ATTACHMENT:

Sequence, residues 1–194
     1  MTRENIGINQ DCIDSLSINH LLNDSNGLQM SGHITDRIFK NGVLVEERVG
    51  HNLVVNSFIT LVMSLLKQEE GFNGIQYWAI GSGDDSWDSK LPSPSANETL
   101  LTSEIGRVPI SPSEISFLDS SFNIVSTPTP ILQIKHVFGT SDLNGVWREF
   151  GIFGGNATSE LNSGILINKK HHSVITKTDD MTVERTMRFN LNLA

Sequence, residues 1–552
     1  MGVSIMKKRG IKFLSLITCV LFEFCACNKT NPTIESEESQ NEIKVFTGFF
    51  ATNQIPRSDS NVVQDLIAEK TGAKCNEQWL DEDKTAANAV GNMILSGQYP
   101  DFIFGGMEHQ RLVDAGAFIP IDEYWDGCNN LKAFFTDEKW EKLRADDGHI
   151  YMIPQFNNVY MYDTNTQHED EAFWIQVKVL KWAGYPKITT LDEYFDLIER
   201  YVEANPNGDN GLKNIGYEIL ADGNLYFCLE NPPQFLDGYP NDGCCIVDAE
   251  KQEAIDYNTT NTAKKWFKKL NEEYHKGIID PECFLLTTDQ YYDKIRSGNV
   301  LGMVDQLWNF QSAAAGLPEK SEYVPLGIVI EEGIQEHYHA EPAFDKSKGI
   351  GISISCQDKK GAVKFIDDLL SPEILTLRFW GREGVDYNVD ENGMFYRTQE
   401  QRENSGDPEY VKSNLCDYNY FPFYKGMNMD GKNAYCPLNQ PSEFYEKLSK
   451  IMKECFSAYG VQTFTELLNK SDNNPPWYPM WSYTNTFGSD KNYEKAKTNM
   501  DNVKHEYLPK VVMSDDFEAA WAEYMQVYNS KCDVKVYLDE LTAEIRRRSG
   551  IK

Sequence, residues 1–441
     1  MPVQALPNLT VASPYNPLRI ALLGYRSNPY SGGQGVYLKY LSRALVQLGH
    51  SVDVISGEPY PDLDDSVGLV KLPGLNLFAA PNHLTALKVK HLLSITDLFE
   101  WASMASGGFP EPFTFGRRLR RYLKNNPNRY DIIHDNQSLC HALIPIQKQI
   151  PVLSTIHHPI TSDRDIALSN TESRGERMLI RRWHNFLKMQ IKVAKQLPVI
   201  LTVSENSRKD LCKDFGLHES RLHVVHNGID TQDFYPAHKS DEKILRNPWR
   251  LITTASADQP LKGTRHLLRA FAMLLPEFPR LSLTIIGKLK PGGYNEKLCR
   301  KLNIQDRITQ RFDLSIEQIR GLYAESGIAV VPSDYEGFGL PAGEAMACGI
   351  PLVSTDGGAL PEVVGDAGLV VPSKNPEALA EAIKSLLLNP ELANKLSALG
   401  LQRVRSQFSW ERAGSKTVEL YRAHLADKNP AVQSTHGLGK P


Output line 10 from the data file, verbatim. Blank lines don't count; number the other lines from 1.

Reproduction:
   151  YMIPQFNNVY MYDTNTQHED EAFWIQVKVL KWAGYPKITT LDEYFDLIER